Then there is “MIT OpenCourseWare [which] makes the course materials that are used in the … all MIT’s undergraduate and graduate subjects available on the Web, free of charge…” FREE courses. From MIT. Wonderful!

And I’ve also mentioned before that one can read many of the books available from the Chicago University Press for free online, books like The Founders’ Constitution which retails for $475 (and can be bought for anywhere from $80 for a not so good used copy all the way up to retail). For free, though… online. (And once again, I HIGHLY recommend The Founders’ Constitution for all American citizens and citizen wannabes. Highly recommended. Very highly. Seriously.)

Other books available there as well, such as biographies (a great book on Fred Hoyle, for example), history, and more, much more.

And then there are singular finds sprinkled all over the web. One such is find number 1,546,328 (approx. :-)): Revolt of the Masses by Jose Ortega y Gasset, an amazingly prescient work written in 1930 (from lectures/essays dating earlier). Consider this extremely short excerpt from Ortega y Gasset’s introduction to the work:

The characteristic of the hour is that the commonplace mind, knowing itself to be commonplace, has the assurance to proclaim the rights of the commonplace and to impose them wherever it will. As they say in the United States: “to be different is to be indecent.” The mass crushes beneath it everything that is different, everything that is excellent, individual, qualified and select. Anybody who is not like everybody, who does not think like everybody, runs the risk of being eliminated. And it is clear, of course, that this “everybody” is not “everybody.” “Everybody” was normally the complex unity of the mass and the divergent, specialised minorities. Nowadays, “everybody” is the mass alone. Here we have the formidable fact of our times, described without any concealment of the brutality of its features.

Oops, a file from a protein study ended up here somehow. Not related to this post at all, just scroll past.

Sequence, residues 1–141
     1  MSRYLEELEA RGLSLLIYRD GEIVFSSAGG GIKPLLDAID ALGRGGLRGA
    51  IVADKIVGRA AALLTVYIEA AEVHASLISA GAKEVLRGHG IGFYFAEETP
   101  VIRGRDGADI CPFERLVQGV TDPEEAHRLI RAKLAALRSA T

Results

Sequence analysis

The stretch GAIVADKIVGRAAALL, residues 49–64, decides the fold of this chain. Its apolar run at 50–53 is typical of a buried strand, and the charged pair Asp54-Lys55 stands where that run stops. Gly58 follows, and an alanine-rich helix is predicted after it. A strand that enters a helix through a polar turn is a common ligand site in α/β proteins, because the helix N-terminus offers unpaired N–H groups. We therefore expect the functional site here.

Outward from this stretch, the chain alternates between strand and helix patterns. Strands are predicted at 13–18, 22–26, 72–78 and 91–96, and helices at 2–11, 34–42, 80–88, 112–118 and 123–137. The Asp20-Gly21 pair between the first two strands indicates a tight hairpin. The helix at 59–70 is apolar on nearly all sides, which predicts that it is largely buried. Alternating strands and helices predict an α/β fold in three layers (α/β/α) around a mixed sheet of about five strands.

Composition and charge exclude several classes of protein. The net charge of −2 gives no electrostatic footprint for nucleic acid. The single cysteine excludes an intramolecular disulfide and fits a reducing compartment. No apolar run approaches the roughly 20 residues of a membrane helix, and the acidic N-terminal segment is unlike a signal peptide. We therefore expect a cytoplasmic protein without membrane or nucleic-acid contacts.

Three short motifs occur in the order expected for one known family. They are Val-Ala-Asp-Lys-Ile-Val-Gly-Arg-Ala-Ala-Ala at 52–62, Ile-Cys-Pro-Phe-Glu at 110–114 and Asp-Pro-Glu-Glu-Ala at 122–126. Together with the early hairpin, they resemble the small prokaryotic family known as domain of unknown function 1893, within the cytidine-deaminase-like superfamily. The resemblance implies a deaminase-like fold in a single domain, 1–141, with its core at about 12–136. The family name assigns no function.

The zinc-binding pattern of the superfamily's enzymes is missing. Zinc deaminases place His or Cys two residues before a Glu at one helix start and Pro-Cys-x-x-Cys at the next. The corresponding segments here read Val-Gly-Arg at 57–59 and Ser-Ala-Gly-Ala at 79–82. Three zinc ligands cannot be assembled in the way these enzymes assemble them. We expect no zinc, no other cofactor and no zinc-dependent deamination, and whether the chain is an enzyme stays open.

“…the brutality of its features” indeed.

May I seriously commend this book to your attention? Revolt of the Masses by Jose Ortega y Gasset may be a dense read for those not enamored of the rather pedantic tone it sometimes assumes, and Ortega y Gasset’s view of the accomplishments of the common man may shock contemporary American sensibilities, but in this day and age where the democratic urges the Founders rightly feared are wreaking havoc on our society as a whole, it’s a very important read.

And it’s available for free on the web. Amazing. Dontcha just love the internet?


Trackposted to Maggie’s Notebook, Shadowscope, The Pink Flamingo, The Amboy Times, Democrat=Socialist, , CORSARI D’ITALIA, Dumb Ox Daily News, Conservative Cat, and The Yankee Sailor, thanks to Linkfest Haven Deluxe.

The Bells

I used to feature a Rudyard Kipling Tuesday at twc. I might just reinstitute that, but today’s a Wednesday and “Wednesday’s child is full of woe” and so I thought of Edgar Allen Poe. Well, actually, since the onset of ths Monster Winter Cold (the worst in living memory–mine, at least) a week and a half ago, my tinnitus has been so loud and fierce, I thought me of Poe’s,

The Bells

Hear the sledges with the bells –
Silver bells!
What a world of merriment their melody foretells!
How they tinkle, tinkle, tinkle,
In the icy air of night!
While the stars that oversprinkle
All the heavens seem to twinkle
With a crystalline delight;
Keeping time, time, time,
In a sort of Runic rhyme,
To the tintinnabulation that so musically wells
From the bells, bells, bells, bells,
Bells, bells, bells –
From the jingling and the tinkling of the bells.

II

Continue reading “The Bells”